1 History and Background |
1. There is nothing new about the use of communications
data by the police and other law enforcement agencies and by the
intelligence and security services. Since letters were sent and
since the first records of telephone calls began to be kept, knowledge
of who wrote or spoke to whom, when and how they wrote or spoke,
and where they were when they did socommunications datahas
been an important tool in the prevention, detection, investigation
and prosecution of crime and of threats to the safety of the state.
Knowledge of what people wrote or saidthe content of communicationshas
also been valuable but, as we explain more fully later, that has
been regulated entirely differently, and access to the content
of communications is outside the scope of the legislation we are
considering, It is not, however, beyond the scope of this
report. As we explain in Chapter 5, though the distinction between
communications data and content is theoretically clear, it may
often be possible to draw from communications data inferences
which give strong indications and which are evidentially acceptable
of the probable nature and purposes of content. One of the more
intractable problems we have had to consider is whether and if
so how legislation can or should distinguish and proscribe access
to data from which such inferences can convincingly be drawn.
2. During the last century there was virtually
no statutory regulation or control of the persons who could obtain
communications data and the uses to which it could be put except
for the provisions of the Data Protection Acts 1984 and 1998 which
dealt with the processing and protection of personal data, and
some general information powers in various other Acts, which permitted
a few public authorities to access documents.
Perhaps because postal and telecommunications services were originally
provided by a state-owned monopoly (the Post Office), interception
of all types (including access to communications data) was carried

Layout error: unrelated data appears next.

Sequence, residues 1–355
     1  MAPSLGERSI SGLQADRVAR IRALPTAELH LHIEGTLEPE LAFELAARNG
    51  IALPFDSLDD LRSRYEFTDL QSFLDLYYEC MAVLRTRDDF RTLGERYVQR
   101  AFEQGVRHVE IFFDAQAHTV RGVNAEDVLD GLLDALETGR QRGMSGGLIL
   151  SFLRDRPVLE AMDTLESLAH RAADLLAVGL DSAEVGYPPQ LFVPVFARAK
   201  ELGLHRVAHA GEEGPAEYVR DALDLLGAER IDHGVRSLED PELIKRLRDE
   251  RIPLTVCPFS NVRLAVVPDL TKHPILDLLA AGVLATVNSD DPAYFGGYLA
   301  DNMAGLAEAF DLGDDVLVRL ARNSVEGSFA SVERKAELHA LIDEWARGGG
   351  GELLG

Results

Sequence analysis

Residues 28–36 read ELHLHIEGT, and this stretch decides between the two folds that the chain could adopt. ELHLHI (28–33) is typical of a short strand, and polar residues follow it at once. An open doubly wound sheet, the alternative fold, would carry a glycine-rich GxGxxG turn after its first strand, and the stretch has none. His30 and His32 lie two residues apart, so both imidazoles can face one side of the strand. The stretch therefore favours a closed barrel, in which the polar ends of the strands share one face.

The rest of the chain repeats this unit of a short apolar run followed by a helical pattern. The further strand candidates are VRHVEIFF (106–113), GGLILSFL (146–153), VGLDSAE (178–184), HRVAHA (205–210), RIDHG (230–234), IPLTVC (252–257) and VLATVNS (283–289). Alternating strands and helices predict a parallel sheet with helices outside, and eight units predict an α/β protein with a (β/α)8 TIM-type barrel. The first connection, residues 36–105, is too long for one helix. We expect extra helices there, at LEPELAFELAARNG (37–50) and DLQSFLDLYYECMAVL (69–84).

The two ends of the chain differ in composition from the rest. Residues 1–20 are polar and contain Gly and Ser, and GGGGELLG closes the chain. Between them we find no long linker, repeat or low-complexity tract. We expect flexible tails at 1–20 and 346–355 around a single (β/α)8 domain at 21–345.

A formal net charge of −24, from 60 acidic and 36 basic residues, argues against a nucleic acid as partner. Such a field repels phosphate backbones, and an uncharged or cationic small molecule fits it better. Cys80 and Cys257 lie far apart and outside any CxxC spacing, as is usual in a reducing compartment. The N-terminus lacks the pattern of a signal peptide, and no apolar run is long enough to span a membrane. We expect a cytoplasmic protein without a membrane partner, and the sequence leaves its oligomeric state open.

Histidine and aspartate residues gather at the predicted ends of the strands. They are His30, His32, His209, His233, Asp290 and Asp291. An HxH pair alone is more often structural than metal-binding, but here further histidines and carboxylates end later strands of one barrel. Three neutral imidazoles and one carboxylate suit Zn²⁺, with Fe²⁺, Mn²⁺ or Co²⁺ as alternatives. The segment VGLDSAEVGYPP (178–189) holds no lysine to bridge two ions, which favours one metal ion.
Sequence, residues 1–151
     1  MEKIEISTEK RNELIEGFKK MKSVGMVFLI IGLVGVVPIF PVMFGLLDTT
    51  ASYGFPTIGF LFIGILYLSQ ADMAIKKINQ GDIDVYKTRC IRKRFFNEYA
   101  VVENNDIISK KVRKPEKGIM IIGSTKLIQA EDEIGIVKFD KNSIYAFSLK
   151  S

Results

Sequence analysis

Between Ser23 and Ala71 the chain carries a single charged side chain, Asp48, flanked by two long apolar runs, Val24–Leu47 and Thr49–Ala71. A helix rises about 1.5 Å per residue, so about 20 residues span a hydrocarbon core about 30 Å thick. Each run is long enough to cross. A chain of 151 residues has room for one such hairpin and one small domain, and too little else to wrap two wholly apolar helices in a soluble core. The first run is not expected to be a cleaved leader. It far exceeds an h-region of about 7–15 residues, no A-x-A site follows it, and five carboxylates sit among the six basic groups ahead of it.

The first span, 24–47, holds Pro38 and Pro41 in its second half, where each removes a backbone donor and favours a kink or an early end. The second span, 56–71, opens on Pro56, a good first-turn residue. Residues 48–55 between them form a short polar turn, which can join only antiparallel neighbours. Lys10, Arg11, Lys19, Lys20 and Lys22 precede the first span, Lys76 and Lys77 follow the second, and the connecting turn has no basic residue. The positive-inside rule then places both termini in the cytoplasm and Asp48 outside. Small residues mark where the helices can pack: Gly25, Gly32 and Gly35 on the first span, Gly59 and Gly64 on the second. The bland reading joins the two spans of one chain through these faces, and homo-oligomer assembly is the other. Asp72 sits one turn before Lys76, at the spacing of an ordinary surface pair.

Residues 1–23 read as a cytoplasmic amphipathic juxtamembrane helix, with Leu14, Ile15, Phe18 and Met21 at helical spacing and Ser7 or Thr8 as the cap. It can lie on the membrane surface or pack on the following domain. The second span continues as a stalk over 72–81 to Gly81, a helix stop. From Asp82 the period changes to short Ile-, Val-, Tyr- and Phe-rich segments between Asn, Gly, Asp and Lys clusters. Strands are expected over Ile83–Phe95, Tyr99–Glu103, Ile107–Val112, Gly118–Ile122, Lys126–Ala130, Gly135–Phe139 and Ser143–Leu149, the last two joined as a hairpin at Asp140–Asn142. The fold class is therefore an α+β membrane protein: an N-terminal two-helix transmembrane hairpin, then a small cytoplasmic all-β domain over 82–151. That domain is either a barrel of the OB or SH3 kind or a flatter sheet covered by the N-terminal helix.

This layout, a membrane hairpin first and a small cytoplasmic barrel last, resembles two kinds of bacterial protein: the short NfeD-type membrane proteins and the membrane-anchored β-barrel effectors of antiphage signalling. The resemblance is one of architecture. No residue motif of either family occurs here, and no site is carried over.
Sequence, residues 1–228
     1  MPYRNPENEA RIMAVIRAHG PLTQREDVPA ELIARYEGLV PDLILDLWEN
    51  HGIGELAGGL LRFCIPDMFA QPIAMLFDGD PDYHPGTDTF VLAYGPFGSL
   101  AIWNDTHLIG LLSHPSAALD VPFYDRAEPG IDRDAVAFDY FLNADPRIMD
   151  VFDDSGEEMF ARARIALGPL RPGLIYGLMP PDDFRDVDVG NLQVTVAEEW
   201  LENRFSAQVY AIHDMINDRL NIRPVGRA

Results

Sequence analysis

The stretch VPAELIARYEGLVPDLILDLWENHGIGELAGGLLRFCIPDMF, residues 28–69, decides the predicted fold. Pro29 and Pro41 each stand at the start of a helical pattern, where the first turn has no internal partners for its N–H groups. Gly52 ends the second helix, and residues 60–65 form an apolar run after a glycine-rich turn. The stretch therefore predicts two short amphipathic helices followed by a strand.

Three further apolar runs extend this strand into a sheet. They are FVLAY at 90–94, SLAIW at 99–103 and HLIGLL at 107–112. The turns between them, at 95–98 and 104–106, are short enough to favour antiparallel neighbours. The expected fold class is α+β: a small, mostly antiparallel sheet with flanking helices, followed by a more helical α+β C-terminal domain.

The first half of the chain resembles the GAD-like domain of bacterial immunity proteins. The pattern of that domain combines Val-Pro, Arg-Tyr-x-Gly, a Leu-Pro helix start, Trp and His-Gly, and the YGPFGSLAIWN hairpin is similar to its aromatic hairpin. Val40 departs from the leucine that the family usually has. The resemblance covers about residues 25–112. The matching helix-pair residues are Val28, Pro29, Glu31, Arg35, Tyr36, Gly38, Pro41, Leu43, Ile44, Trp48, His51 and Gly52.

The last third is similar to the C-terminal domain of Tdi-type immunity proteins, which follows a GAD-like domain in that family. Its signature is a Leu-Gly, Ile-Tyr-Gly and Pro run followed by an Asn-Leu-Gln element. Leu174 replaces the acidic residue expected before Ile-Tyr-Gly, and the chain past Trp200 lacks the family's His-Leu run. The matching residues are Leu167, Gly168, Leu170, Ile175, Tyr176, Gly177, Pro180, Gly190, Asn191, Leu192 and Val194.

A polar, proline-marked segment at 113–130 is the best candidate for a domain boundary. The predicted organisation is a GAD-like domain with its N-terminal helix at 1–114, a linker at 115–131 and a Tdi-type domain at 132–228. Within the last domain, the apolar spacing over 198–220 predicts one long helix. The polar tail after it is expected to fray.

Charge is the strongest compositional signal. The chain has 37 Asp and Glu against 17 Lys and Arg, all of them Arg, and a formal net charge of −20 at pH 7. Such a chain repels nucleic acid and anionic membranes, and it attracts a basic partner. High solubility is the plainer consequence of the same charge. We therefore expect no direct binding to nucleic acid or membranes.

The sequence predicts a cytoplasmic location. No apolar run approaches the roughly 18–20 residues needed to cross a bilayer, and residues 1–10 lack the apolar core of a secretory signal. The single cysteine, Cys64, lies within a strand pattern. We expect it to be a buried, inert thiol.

out under the Royal Prerogative with oversight by the Judges'
Rules. The only practical limitation, from an investigator's perspective,
was that it was not always easy for those wishing to access data
to know if the data was there to be accessed, and if so, how to
access it. They relied usually on the goodwill and cooperation
of the telecommunications companies holding the data; short of
a court order for the production of evidence, there were only
limited powers to compel the companies to disclose whether they
had any relevant data and, if they had, to disclose the data itself.
Section 45 of the Telecommunications Act 1984 provided that the
disclosure of communications data by a person running a public
telecommunications system was prima facie an offence. It
was, however, permissible to make a disclosure for the prevention
or detection of crime or for the purposes of any criminal proceedings,
in the interests of national security or in pursuance of a court
order. Section 94 of the 1984 Act enables the Secretary of State
to issue directions to telecommunications operators in the interests
of national security.
3. In 2000 the Regulation of Investigatory Powers
Act (RIPA) was passed. Chapter II of Part I of the Actsections
21 to 25for the first time attempted to regulate who could
access communications data, what classes of data they could access,
for what purposes, and subject to what controls. This chapter
came into force on 5 January 2004
and is the principal law which currently
governs access to communications data. The chapter does not regulate
what data must be retained, dealing only with acquisition and
disclosure. Importantly, the only data available to be accessed
is the data retained by the Communication Service Providers (CSPs)
for their own purposes. These provisions impose on them no obligation
to retain data they do not need, or to retain it for longer than
they need it. A voluntary Code of Practice was introduced in 2003
with telecommunications operators being asked to retain information
on a voluntary basis on the understanding that they would be reimbursed
for the additional costs incurred.
4. At the same time there were important developments
on the European front. In April 2004 the United Kingdom was one
of four Member States of the EU which put forward a proposal for
the mandatory retention of data on communications networks for
combating crime. This initiative was superseded in September 2005
by a Commission proposal for a Directive which would have the
same effect. The United Kingdom then had the Presidency of the
EU and, following the London bombings in July 2005, pressed ahead